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A picture of a Common Agapanthus

Common Agapanthus

Agapanthus praecox

Also known as

African Lily, Blue Lily, Lily of the Nile, Blue lily, Agapant, Bloulelie, Isicakathi, Ubani

Agapanthus praecox-IMG 8965 by C T Johansson (CC BY-SA 4.0)

Full Sun
Easy care
Light watering


RHS hardiness


Minimum temperature

Expected size








2 years to reach maturity


  • spring
  • summer
  • autumn
  • winter

This plant has no fragrance

More images of Common Agapanthus

A close up of Agapanthus praecox purple flower buds
A close up of an Agapanthus praecox purple flower
A close up of a flower
A close up of a flower
Purple Agapanthus praecox flowers sitting in a garden

Common Agapanthus Overview

Agapanthus praecox is a popular blue or white flowering perennial from the Amaryllidaceae family. It forms ribbon-like leaves and is well placed in borders and 'en masse' for a striking visual display. Probably one of the the most cultivated flowers - frequently found in all types of gardens - in South Africa, it may be evergreen or deciduous, depending on where it's grown. This plant is considered fairly hardy and waterwise (drought resistant) with a thick rhizome to carry it through droughts. Known also as African Lily, Common Agapanthus or Blue Lily, Agapanthus praecox is easy to grow, but must get at least a small amount of water in summer to thrive. The long stems give rise to blue or white balls of flowers, which are often used as cut flowers. It prefers full sun, but with less light it will likely produce fewer flowers, especially in more shady areas. It needs a sheltered position - away from cold winds and rain - to thrive.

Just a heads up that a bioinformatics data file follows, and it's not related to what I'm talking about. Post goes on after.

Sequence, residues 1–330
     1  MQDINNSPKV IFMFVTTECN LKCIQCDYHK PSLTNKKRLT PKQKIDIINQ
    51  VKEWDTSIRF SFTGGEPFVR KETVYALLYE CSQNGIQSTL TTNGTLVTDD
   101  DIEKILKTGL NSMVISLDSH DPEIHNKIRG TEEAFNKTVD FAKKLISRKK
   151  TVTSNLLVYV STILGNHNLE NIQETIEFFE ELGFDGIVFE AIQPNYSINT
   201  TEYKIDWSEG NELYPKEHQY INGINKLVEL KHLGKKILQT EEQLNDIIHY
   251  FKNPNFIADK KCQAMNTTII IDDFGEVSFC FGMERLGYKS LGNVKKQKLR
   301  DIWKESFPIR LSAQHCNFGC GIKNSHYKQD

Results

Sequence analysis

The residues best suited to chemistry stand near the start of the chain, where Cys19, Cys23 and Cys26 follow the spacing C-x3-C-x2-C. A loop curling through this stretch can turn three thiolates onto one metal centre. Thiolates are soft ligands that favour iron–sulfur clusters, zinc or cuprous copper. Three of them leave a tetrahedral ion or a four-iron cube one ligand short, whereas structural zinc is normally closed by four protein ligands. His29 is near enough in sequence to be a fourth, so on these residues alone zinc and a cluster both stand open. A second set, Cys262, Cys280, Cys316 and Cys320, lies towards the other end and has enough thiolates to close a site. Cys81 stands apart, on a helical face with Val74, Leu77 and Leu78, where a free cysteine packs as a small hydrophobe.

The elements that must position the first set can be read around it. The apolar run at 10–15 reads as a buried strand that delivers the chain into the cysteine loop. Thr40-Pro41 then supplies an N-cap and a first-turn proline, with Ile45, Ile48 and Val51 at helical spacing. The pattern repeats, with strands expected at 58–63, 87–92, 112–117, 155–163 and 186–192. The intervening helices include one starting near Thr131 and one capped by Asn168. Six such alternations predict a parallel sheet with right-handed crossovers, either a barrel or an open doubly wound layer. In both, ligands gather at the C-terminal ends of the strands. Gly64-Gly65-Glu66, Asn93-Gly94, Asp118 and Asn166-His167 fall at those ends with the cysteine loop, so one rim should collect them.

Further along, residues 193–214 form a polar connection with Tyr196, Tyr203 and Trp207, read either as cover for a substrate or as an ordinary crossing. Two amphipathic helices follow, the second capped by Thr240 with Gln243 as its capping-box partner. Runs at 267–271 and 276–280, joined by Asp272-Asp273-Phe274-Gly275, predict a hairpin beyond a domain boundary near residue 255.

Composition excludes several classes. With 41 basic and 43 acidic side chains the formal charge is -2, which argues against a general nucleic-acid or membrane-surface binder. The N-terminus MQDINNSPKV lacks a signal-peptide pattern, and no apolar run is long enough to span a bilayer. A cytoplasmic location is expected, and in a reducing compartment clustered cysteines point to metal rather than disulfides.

Common problems with Common Agapanthus

How to harvest Common Agapanthus

Harvest seeds after flowering (when the capsules have dried out). Cut flower stalks during flowering for a beautiful display in a vase.

How to propagate Common Agapanthus


The best time to lift and divide agapanthus is Autumn after they have finished flowering. Evergreen varieties should be divided once every four years to continue producing good flowers.


Divide the tuberous rhizomes in winter when the plant is dormant.


Seeds must be sown fresh in the autumn, or if you are in an area where you receive below freezing temperatures, keep the seeds cool in the fridge and sow in the spring.

Special features of Common Agapanthus

Attractive flowers

Attracts bees

Attracts birds

Attracts insect eating birds and nectar-loving birds.

Attracts useful insects

Attract insects including bees and butterflies.

Drought resistant

This species can withstand drought periods, as it fleshy rhizomes store water reserves.

Pot plant

Popular outdoor pot plant.

Other uses of Common Agapanthus

Grown for their ornamental flowers and seedheads. Often used for cutting. Mixed borders, containers, massed plantings, gravel plantings.

Care-Free Perennials

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